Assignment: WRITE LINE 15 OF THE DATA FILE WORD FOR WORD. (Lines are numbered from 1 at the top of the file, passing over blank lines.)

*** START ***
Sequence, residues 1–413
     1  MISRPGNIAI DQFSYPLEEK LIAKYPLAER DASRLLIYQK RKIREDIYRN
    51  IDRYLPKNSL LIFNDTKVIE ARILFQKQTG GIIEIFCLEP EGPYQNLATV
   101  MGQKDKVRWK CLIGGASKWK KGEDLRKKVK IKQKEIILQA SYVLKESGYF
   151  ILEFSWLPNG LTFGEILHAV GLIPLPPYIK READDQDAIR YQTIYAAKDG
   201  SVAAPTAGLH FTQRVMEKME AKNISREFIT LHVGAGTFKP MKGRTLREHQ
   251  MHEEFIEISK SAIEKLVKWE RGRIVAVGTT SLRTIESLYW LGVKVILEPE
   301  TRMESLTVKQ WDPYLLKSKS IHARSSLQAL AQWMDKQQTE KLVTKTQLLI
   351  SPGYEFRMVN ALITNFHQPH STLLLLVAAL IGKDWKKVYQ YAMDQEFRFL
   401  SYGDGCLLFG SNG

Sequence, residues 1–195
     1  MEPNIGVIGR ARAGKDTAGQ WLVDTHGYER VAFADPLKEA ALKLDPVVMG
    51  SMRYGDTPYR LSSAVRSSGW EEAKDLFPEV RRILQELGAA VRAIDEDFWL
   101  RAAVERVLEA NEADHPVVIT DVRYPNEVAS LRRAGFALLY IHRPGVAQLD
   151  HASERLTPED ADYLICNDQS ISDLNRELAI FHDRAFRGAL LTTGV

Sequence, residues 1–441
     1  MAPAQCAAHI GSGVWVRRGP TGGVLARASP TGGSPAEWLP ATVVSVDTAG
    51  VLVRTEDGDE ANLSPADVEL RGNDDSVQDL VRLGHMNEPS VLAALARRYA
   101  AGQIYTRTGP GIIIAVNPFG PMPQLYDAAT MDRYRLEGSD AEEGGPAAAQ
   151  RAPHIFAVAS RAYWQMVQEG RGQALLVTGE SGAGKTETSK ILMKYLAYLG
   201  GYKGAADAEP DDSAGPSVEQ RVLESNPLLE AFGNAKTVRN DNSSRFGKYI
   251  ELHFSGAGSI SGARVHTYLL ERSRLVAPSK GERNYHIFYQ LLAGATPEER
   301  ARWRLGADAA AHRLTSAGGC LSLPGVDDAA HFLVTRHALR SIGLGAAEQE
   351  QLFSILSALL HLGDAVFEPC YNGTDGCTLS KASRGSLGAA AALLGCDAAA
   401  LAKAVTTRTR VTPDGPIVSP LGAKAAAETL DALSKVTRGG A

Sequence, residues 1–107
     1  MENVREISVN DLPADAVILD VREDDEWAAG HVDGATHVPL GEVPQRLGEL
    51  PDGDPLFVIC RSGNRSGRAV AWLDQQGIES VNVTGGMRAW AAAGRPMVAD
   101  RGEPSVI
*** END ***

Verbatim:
   151  HASERLTPED ADYLICNDQS ISDLNRELAI FHDRAFRGAL LTTGV